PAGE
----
When a city revises its “sphere of influence” map to designate areas in which it plans on expanding into, more often than not it grows.
Lathrop is taking a different approach – at least when it comes to one portion of the community.
On Monday the Lathrop City Council accepted a report from staff that will shrink the sphere of influence that was last expanded in 2007 to exclude the northernmost portion of the map that because of its location and is not feasible for further development.
Because of the “Delta Plan” that was adopted by the State of California, a large swath of land north of De Lima Road falls into a unique category of land that is traditionally protected for its agricultural contribution. Because that land was not designated for residential, commercial or industrial uses when the plan was adopted, they can’t be used for that in the future either.
To further complicate things, having such a large swath of land within the sphere of influence – which would permit exploration into development – while the City of Lathrop is preparing to get the State of California to sign off on their advancements towards overhauling the 20-mile stretch of levee that protects all of Lathrop from a surging San Joaquin River and a 200-year-flood could, according to staff, complicate that request and put all of the city’s future development goals into jeopardy. If that designation is not granted by the State of California before the cutoff date in July, then no new construction can take place anywhere within the city limits because all of Lathrop technically falls within that 200-year flood plain.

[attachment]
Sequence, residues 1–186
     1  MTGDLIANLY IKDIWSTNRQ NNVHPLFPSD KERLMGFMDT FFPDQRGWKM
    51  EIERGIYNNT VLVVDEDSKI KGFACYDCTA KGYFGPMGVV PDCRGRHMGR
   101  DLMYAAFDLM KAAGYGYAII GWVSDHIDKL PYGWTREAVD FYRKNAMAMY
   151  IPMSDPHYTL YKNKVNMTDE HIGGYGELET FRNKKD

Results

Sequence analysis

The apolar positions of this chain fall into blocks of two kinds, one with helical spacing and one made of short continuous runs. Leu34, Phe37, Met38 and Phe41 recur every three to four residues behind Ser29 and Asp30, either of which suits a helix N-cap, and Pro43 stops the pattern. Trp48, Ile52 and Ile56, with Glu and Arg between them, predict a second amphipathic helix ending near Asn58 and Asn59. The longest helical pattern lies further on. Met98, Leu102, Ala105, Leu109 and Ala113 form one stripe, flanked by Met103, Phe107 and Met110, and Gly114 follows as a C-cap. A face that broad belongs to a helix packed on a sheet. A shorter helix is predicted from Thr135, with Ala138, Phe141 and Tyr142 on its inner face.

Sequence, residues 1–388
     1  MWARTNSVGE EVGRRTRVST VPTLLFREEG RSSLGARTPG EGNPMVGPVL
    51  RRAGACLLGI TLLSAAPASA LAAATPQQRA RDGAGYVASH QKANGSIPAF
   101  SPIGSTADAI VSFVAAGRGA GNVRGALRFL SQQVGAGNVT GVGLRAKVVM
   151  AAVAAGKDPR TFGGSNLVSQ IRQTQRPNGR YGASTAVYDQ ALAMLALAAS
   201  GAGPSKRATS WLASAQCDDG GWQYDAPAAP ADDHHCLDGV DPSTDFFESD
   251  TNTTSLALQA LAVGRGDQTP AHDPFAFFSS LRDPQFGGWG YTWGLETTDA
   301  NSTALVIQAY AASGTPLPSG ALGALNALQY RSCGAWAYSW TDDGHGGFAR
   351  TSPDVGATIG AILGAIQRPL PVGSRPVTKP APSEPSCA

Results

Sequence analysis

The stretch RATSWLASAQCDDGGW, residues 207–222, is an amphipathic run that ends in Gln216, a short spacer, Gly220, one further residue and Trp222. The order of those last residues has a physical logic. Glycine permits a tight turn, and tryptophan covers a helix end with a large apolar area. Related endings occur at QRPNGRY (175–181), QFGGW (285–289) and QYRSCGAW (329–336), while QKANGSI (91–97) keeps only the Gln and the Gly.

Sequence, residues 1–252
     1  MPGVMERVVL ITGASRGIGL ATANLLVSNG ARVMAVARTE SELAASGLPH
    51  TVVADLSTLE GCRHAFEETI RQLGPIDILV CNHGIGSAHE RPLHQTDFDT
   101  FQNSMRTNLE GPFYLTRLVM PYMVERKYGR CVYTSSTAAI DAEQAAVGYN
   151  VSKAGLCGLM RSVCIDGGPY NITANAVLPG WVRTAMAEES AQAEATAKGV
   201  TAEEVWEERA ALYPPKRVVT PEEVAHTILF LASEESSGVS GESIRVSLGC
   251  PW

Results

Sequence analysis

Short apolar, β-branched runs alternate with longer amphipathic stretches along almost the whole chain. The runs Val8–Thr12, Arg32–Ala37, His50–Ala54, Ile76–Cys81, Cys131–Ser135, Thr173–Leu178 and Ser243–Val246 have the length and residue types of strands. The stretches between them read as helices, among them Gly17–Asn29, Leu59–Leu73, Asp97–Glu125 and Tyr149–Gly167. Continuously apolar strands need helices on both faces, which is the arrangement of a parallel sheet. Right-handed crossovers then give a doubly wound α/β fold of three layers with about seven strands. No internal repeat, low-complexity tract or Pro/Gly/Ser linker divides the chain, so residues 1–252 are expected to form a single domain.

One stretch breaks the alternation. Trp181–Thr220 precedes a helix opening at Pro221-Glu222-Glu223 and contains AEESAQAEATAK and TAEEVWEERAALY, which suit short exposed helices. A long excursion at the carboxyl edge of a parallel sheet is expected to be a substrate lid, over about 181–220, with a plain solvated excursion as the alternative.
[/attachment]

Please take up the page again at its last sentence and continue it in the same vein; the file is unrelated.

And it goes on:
To solidify the move through a general plan amendment would take more than year and require the approval of the Delta Stewardship Council, so designating the roughly 2,000 acres of land previously included in the SOI as agricultural land – which the city itself uses to spray water once it has undergone the sewage treatment process (Lathrop, unlike other nearby communities, is not able to discharge their treated water into the San Joaquin River) – is an easier way of achieving roughly the same result.
No other portion of the city’s sphere of influence is being expanded or retracted as a result of the approval.
It will be up to the Local Agency Formation Commission (LAFCO) to approve the changes to the sphere of influence as well as the municipal service review that Lathrop is also currently updating.
But if approved by LAFCO, that portion of the community – the land east of the San Joaquin River, west of I-5 and north of De Lima Road until the border with San Joaquin County’s sphere of influence – will not be completely abandoned by the city.
The official title of the completely rural and ag-based area will be an “area of interest” but will still be considered outside of the City of Lathrop’s future borders.
The area south of Lathrop’s city limits will remain part of its sphere of influence.
According to the language of SB5 – the 200-year flood protection bill that was passed legislatively in 2005 – only land within the community that is urban or urbanizing and will be afflicted by at least three feet of floodwater if the event were to ever take place are affected by the restrictions. This means that Dell ‘Osso Farms is not included as it does not even currently have 100-year flood protection like the land behind the 20-mile levee that comprises reclamation district 17 – which affects Manteca, Lathrop, Stockton and San Joaquin County.